It’s unusual for me to read more nonfiction than fiction in a month!

I’m currently reading:

  • The Man Who Was Q: the True Story of Charles Fraser-Smith, the ‘Q’ Wizard of World War II by David Porter. I read Fraser-Smith’s memoir about his war-time activities in July. This is a biography covering his whole life.
  • Gentle and Lowly by Dane Ortlund
  • Be Dynamic (Acts 1-12): Experience the Power of God’s People by Warren Wiersbe
  • Tidewater Inn by Collen Coble


Besides the weekly Friday’s Fave Fives and almost weekly Laudable Linkages and book reviews, I’ve shared these posts:

  • Under His Shadow. Thinking about what a shadow from the heat meant in Biblical times with no AC or fans and how God shelters and shades us.
  • Fifteen Favorite Posts from Fifteen Years of Blogging to celebrate my blogging anniversary.
  • Strengthening Others, inspired by places in Acts where it says the apostles strengthened people, exploring ways we can strengthen each other.
  • Why Aren’t Christians More Loving?
  • When the World Weighs Heavy. There’s a lot of hard news on several fronts, and it gets to be too much to bear. But that reminds us to give it all to the only One who can truly help.
  • Don’t Forget the Hope. “But this post isn’t primarily about modesty. It’s about remembering to share hope with our children, students, readers, those whom we’re discipling. Sometimes we’re so passionate about whatever we’re warning against that we forget to offer the hope that God extends to His people.”


Still not much going on there besides blog posts. I sketched out a devotional idea a while back that I want to finish it up and submit. Except for one more birthday and a couple of medical appointments, we have a bit of a lull before the busy holiday season. I’m hoping to carve out some time to work on the book then.

How was your August?

(I often link up with some of these bloggers.)

July Reflections

Elisabeth Elliot used to say that when she spoke on a certain topic, she would be tested on that topic right before or after she spoke. Boy, have I experienced that since writing about impatience and frustration Monday! One example: Tuesday I was making a card that I wanted to send out that day. It wasn’t essential that I mail it off that day, but that was my desire. After I cut out the scrapbooking paper I wanted to use, I noticed red splotches all over the paper and the blank card. Then I noticed blood on my finger. I must have gotten a paper cut at some point. So I had to go wash my finger, get a bandaid, toss the paper and card, and start all over. That made me late getting done and running my errands, and I came home late and very hot and sweaty. Then I requested getting hamburgers for dinner since I did not feel at all like cooking, and happily, my husband agreed. So it ended up well. 🙂 I don’t even remember what the other issues were, but they were all little things and all tested my desire to be calm and patient.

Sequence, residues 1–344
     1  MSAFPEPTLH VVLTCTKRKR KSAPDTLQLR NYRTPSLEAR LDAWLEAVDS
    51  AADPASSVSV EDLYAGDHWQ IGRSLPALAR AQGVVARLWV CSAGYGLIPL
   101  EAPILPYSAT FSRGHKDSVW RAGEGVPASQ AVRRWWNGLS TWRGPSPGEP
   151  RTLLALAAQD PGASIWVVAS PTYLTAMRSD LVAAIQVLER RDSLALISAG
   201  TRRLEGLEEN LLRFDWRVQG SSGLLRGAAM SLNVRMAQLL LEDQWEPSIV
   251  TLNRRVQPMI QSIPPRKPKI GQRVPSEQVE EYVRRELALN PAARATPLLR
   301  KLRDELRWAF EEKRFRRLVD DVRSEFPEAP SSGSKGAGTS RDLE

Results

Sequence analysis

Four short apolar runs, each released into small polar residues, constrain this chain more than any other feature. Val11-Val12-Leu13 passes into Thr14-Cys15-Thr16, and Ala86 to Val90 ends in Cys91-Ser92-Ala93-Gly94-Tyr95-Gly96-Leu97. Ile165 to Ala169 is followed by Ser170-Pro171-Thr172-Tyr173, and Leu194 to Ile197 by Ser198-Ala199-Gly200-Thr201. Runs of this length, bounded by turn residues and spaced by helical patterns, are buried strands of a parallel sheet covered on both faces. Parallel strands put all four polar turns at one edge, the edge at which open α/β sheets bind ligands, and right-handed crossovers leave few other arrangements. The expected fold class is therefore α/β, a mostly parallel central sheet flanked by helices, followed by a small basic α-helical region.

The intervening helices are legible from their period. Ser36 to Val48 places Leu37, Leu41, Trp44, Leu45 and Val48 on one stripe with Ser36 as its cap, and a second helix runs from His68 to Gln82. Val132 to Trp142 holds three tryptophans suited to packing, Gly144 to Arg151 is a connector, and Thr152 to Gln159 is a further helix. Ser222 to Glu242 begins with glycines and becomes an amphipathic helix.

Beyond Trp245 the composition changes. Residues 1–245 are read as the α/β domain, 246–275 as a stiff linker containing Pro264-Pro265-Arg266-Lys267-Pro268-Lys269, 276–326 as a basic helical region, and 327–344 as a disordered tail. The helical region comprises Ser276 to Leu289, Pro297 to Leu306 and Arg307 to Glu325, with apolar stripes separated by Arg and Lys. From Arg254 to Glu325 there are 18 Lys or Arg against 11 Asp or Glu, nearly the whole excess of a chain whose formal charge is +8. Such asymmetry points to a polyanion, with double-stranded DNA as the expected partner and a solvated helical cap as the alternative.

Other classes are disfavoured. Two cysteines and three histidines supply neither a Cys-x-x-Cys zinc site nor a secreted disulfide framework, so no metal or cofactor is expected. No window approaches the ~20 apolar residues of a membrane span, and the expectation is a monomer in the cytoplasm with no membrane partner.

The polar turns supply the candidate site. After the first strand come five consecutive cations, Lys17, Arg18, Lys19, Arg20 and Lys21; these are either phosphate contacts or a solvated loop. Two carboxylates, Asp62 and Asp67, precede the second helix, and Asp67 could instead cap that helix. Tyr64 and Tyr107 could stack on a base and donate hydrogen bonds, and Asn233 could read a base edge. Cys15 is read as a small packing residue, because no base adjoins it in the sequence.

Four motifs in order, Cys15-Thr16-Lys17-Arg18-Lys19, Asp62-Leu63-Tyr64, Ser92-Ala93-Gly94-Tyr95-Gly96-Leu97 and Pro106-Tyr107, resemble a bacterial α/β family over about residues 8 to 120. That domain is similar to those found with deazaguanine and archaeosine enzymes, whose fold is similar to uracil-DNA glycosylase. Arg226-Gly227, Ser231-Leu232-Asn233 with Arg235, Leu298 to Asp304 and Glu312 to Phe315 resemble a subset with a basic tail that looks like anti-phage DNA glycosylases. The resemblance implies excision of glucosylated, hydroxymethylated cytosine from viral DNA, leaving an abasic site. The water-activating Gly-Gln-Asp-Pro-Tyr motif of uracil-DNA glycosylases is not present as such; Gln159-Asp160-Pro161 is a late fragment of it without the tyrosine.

In other news . . . It’s hot. Very hot.

My fifteenth blogging anniversary passed by forgotten until WordPress reminded me. I’ve very much enjoyed it, especially getting to know many of you.


We enjoyed a long 4th of July weekend and grilled hamburgers here. We celebrated my middle son’s birthday this month at his house with grilled chicken and S’mores cake.

We’re continuing to work on the guest room. My husband painted a desk for me and put new hardware on it. My son and daughter-in-law gave us their queen bed since they wanted a king-sized one. We put curtains and shelves up as well as the main piece of art work over the bed. The room is in a usable state for when my oldest son comes to visit next month, but there are still a few things I’d like to get done in there. I’ve been enjoying the process.


I made a few more cards than usual for July. This was for Jason’s birthday:

The beard was done on the Cricut.